Feb 24 2022

Number Reasoning and Language

Think of the number 23. What just happened in your brain? You have some sense of how large a number 23 is. You are reading, so probably the first representation was the written form, and then you may have said “twenty-three” to yourself. You probably didn’t imagine exactly 23 objects laid out, but could have gotten there if you thought long enough. Perhaps you chunked it in your mind – imagining two rows of 10 followed by a row of three. You may have also thought of three weeks plus an extra weekend, or perhaps, staying on the verbal side, phrases like “23 skidoo”.

Our brains do not always work through complete abstraction or direct representation. As the primate brain evolved more and more complexity and ability, it acquired new functions partly through workarounds. For example, there is the phenomenon of “embodied cognition.” Mentally we start with concrete physical concepts and then use them to get to more abstract concepts. The notion, for example, that your boss is “above” you in the hierarchy derives from the more concrete concept of literally being physically above someone else. A “big” idea is not physically big, but it is metaphorically big. An argument may be weak or strong, and someone may be bright or dim. We hold onto physical concepts in order to anchor more abstract concepts.

Neuroscientists have also been studying how our brains handle numbers, comparing human numerical ability to other animals. One key finding is that our brains handle very small numbers differently than larger numbers. Many animals, including humans, have direct hard-wired representation of small numbers in their brains. For humans that number is about 6. We can easily extrapolate this hard-wired representation of numbers to about a dozen. Beyond that our brains need abstract concepts and language in order to reason about numbers, because larger amounts are not directly represented in our brains. Our brains seem to count as – 1, 2, 3, 4, 5, 6, more than 6. We have a sense of relative amounts, that one number of objects is larger than another, but not exact amounts.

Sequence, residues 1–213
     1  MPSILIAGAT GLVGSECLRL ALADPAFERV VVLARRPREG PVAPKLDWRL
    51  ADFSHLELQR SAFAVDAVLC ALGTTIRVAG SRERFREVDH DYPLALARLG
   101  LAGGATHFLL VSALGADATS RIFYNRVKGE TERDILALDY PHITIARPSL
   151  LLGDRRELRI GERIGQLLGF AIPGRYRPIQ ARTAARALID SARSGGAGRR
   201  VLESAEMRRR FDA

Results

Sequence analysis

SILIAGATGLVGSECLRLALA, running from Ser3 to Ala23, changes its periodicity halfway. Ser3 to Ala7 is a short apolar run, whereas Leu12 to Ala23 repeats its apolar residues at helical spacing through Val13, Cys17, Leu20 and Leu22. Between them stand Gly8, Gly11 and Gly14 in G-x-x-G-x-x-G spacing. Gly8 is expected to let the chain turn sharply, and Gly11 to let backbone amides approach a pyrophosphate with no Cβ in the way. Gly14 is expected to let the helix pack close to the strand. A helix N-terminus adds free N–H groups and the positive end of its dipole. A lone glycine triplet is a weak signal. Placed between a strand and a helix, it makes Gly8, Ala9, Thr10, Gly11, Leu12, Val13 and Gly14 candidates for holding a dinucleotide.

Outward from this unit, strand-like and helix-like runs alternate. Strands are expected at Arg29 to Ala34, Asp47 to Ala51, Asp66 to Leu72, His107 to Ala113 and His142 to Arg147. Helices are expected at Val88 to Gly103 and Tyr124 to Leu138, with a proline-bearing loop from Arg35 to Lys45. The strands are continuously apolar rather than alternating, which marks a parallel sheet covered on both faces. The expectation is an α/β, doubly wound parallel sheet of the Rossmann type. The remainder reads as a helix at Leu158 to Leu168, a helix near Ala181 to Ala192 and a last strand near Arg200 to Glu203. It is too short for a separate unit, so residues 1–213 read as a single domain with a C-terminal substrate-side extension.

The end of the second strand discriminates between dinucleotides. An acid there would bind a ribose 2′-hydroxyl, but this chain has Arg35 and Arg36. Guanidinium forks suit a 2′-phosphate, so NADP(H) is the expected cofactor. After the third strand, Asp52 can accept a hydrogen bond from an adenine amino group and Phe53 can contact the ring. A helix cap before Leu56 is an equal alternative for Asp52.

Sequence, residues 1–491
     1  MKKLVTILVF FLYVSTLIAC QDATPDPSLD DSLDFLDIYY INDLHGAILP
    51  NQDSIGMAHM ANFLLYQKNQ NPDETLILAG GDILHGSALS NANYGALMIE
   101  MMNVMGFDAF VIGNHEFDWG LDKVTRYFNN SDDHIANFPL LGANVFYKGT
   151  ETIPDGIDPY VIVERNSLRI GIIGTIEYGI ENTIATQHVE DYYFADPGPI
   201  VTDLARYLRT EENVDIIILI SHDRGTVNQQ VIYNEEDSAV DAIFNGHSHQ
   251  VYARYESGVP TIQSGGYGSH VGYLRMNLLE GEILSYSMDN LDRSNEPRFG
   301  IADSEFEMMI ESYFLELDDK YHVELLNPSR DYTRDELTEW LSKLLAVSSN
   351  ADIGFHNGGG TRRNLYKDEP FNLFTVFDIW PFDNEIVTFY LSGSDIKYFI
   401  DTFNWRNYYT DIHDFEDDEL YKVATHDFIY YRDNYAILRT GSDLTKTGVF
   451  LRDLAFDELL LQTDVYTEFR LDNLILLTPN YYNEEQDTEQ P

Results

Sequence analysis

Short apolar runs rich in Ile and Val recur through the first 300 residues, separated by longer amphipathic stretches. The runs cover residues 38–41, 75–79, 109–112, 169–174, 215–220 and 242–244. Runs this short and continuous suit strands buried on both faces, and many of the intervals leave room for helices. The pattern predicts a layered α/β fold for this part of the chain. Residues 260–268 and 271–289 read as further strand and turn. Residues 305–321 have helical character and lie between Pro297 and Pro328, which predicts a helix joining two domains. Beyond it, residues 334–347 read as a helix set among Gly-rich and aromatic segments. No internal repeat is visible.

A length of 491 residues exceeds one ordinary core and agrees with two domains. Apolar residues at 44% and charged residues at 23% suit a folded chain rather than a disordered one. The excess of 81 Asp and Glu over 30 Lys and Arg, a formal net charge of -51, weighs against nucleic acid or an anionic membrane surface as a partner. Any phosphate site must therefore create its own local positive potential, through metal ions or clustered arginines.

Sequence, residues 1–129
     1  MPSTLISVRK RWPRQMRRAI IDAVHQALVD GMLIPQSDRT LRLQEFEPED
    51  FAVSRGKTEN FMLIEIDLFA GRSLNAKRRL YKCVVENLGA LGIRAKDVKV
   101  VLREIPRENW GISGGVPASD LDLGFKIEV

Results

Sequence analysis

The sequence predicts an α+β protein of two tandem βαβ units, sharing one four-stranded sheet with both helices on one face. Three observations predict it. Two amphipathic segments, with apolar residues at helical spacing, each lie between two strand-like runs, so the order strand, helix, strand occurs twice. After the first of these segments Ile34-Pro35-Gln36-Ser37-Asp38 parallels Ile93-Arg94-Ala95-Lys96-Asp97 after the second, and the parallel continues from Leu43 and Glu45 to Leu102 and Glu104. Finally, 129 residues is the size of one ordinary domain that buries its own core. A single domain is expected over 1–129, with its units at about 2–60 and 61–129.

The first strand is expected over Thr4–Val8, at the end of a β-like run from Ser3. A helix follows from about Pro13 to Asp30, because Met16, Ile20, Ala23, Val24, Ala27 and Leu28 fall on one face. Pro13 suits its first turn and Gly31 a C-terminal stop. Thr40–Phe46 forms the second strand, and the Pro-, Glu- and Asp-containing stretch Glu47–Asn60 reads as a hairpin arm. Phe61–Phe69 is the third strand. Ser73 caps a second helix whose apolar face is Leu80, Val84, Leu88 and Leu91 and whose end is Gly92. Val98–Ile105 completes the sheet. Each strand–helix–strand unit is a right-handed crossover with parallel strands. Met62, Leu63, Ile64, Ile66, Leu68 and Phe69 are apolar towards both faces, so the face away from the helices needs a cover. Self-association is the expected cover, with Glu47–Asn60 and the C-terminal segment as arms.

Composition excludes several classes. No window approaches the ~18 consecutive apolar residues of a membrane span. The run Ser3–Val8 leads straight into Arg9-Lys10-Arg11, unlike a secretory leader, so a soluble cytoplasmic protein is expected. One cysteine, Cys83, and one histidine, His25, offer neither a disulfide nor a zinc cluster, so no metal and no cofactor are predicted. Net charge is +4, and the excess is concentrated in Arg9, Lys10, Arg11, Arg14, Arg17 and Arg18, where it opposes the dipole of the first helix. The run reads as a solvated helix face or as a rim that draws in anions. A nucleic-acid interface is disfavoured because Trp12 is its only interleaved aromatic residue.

So how, then, do we learn complex math and how to deal with arbitrarily large numbers? That is a focus of research, and the focus of a recent study that sheds some light on the question. The researchers looked at members of the Tsimane’ of Bolivia, a population of about 13,000 people. They have a farming and foraging society and don’t have a pressing need for the mathematics of large numbers. However, they do have modern education and learn math. A prior study showed that they learn math as quickly as children from industrialized societies, although they do tend to start at an older age. Their language contains words for numbers only up to 100, and after that they have borrowed words from Spanish. However, there is also a lot of variability among individuals in terms of how much education they have received. Some individuals can count only to 10, others to 20, and still others to 40 or more.

This population, therefore, provides the opportunity to study the effects of language on mathematical ability. Subjects were given the task of matching numbers of objects, what the researchers call “orthogonal matching”. Objects were placed in a horizontal row. Subjects had to place the exact same number of objects in a vertical row, so that they could not simply match the objects one-for-one. The researchers found that the ability to perform this task was directly related to the ability to verbally count to a specific number. So if the subject could count to 10, they started making mistakes in the task at around 8-9 objects. But if they could count to 15, they started making mistakes around 13-14 objects. Essentially once they got to the limits of their counting they shifting to number estimation and started making mistakes. The authors conclude:

The results show that these behavioral switch points were bounded by participants’ verbal count ranges; their representations of exact cardinalities were limited to the number words they knew. Beyond that range, they resorted to numerical approximation. These results resolve competing accounts of previous findings and provide unambiguous evidence that large exact number concepts are enabled by language.

This may seem obvious in retrospect, but nothing is really obvious when it comes to how our brains function. It is useful to confirm specific details of the strategies that our brains use when completing a task. We may not always be consciously aware of every strategy – some are conscious constructs, but many are subconscious. Confirming the details of how our brains process information and complete tasks is helpful to educational strategies. It may also inform computer science and provide inspiration for computational algorithms. Also, it can help design user interfaces. This is a critical technology, but one that is more easy to notice when it fails than when it succeeds.

Understanding the inherent strategies we use to access and process information can inform how best to optimally interface with information, to minimize cognitive load and maximize efficiency. When done well the experience can be seamless and feel intuitive. When done poorly it can be frustrating and error-prone. The difference often resides in understanding exactly how our brains work.


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